Student loan debt is now over $1.4 trillion, which is about $620 million more than U.S. credit card debt. Student loan debt rose six percent in the past year.

American credit card debt rose by $3 billion in February 2017, its highest level since 2008 according to The Motley Fool.

Market Watch says that U.S. households now have surpassed the amount of debt they had in 2008. Plus Americans are struggling with their auto loan debt with these sub-prime loans hitting their highest delinquency levels in December 2016. A pattern that Market Watch says was seen prior to the 2007-2009 great recession.

An Inconvenient Truth

During the 1960s and 1970s, the American economy expanded over 11%. In the 90s it couldn’t get above 9% and in the most current expansion it hit 5.9% and recently was only 3.6% according to Barron’s.

Many Americans no longer see consumption as being the “American Dream” but now are saving as much as they possibly can despite interest rates on savings sitting at anemic levels.

Income inequality is also playing a huge role in the current state of American consumerism. 76% of the wealth in America is now held by the top 10%. Only 1% is in the hands of the bottom 50% of American families in today’s America. CNN Money reported in December 2016 the wealth inequality in America is getting worse. “The rich are money making machines,” said CNN.

A 2016 study by Gallop senior economist Jonathan Rothwell found that the bulk of our national spending is eaten up by just three items – healthcare, housing and education.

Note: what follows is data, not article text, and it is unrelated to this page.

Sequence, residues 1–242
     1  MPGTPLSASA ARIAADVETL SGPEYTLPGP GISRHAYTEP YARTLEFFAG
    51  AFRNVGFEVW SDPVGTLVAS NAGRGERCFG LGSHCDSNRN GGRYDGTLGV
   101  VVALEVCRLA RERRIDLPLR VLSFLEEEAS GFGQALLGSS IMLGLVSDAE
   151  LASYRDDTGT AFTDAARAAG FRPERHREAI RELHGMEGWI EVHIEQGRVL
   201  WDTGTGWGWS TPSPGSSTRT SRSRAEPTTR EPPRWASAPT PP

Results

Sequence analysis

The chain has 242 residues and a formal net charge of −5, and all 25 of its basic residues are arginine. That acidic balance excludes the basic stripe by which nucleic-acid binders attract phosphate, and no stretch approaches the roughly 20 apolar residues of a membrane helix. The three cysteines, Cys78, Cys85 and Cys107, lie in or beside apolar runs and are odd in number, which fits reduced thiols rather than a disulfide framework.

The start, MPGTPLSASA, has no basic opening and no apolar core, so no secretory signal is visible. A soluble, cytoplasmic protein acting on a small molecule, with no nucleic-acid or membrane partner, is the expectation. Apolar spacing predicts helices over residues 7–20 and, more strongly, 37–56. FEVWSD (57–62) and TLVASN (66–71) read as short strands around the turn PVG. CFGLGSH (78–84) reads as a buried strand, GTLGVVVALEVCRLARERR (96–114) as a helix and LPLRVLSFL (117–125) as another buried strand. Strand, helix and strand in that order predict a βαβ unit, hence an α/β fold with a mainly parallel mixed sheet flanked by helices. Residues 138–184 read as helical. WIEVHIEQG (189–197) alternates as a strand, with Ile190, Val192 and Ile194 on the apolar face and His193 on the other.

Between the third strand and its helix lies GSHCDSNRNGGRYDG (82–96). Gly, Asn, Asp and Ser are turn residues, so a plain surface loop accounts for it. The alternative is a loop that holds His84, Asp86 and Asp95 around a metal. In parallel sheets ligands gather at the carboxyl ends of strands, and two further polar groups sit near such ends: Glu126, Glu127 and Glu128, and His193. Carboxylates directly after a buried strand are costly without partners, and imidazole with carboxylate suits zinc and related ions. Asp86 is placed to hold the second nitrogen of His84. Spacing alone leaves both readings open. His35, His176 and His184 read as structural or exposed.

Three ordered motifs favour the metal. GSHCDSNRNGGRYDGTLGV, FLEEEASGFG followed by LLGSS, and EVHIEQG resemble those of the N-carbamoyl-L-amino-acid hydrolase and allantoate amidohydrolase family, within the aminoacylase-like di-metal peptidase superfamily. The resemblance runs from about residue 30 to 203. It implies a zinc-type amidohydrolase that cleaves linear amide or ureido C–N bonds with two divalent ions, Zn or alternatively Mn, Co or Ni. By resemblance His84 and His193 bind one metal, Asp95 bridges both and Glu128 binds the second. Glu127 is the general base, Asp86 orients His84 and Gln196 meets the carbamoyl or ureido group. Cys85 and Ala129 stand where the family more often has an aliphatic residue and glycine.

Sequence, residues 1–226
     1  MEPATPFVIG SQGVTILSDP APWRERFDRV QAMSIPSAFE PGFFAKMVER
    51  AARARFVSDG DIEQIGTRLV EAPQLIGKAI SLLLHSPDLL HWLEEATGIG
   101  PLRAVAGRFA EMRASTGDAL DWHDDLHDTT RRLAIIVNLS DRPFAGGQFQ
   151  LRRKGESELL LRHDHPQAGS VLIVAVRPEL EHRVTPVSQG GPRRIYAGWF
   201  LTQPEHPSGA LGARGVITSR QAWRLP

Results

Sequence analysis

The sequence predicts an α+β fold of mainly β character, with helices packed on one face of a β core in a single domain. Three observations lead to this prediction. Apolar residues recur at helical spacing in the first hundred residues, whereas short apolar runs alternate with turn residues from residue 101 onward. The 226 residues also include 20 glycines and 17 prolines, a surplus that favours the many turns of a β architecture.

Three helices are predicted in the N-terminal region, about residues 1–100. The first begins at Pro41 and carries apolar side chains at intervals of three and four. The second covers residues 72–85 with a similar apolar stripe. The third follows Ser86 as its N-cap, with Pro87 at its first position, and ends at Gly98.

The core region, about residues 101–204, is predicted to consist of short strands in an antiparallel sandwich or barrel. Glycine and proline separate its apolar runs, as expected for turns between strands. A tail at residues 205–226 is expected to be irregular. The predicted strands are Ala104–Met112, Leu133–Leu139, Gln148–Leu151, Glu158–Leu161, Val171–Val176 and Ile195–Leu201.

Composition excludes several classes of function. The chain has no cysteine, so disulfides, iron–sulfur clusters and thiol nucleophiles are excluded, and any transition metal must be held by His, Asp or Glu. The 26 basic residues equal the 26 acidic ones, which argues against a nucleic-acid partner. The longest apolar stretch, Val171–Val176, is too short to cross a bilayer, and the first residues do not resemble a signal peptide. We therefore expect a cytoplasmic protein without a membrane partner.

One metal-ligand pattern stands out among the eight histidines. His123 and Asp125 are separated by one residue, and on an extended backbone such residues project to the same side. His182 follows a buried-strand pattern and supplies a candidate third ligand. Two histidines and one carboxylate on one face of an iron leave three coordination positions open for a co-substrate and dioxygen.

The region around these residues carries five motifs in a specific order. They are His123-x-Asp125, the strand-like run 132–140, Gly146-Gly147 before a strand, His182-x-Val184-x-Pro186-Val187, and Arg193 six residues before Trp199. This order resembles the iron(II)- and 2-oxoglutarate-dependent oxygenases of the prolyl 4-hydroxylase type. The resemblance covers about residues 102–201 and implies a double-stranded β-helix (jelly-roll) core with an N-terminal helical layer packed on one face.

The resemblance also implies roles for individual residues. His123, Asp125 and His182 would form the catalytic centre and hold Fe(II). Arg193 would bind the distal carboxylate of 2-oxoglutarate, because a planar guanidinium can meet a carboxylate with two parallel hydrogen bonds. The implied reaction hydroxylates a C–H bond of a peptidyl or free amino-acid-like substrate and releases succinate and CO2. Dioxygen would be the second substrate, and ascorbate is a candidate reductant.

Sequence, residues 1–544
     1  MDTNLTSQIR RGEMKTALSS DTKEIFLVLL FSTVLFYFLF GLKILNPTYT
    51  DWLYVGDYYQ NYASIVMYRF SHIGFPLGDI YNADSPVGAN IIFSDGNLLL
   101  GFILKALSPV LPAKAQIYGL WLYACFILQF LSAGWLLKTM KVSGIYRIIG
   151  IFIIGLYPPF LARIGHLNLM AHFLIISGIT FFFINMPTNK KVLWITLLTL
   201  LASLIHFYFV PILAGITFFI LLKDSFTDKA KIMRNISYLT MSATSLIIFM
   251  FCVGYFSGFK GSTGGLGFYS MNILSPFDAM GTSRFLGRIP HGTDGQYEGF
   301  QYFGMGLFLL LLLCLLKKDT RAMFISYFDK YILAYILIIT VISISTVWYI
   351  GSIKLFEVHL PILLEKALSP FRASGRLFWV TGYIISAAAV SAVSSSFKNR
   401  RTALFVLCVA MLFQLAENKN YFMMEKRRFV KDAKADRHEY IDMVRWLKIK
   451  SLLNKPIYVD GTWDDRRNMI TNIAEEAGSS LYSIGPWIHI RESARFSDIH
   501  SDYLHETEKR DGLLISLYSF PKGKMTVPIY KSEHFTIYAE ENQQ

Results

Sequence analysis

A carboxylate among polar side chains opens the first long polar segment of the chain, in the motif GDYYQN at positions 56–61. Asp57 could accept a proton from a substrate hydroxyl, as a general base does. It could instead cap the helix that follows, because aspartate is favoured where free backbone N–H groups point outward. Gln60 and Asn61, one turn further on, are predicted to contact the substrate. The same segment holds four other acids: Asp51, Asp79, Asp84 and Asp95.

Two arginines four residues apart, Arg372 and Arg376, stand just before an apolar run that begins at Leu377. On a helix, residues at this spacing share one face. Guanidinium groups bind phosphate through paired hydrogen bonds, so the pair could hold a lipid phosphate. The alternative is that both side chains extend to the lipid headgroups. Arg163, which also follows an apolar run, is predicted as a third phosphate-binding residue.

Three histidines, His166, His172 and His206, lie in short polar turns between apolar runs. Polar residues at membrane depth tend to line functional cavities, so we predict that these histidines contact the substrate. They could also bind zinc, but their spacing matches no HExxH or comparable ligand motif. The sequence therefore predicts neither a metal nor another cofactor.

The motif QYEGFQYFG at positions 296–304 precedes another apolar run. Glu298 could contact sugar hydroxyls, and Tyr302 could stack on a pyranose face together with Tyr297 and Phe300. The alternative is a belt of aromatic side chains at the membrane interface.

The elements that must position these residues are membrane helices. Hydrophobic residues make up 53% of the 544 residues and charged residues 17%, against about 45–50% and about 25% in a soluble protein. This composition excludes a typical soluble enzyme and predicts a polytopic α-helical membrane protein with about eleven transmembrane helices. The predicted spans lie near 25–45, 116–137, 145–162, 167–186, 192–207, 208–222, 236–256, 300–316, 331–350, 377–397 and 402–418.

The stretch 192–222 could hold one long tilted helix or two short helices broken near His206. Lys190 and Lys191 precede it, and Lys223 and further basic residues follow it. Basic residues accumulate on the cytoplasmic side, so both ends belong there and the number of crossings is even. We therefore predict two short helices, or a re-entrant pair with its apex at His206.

What’s the impact on ad supported media in a world of enormous debt and haves vs. have-nots? I wrote about this after reading Thomas Piketty’s book “Capital in the 21st Century.” That article was called “The Future of Ad Supported Media” and you can read it by clicking on the link here .

Survival of the Fittest

What all of this is telling us, Spending is OUT and Frugality is IN.

A broadcaster friend of mine was sharing that in his PPM market TV ad time is now selling at “radio rates.” When the pie isn’t growing, media companies are forced to begin taking more from someone else.

Radio is the best value for the money when the economy goes soft.

I started my radio sales career at the beginning of the early 80s recession. I was very successful and it saw me enjoying a four plus decade long radio career before becoming a broadcast professor to pay-it-forward to a new generation of broadcasters.

As Warren Buffett says, “It’s when the tide goes out, that you know who’s wearing a bathing suit.” In other words, when the business changes from taking orders to really selling, we will learn which companies have trained their sales people to not just survive but thrive.

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Radio Would Be a Great Business… If It Weren’t For the Employees

21I’m sure the title of this week’s post caught your attention. If you’ve ever been a manager, quite possibly this thought has crossed your mind on more than one occasion. Unfortunately, technology has provided many a radio company the opportunity to give this concept a whirl.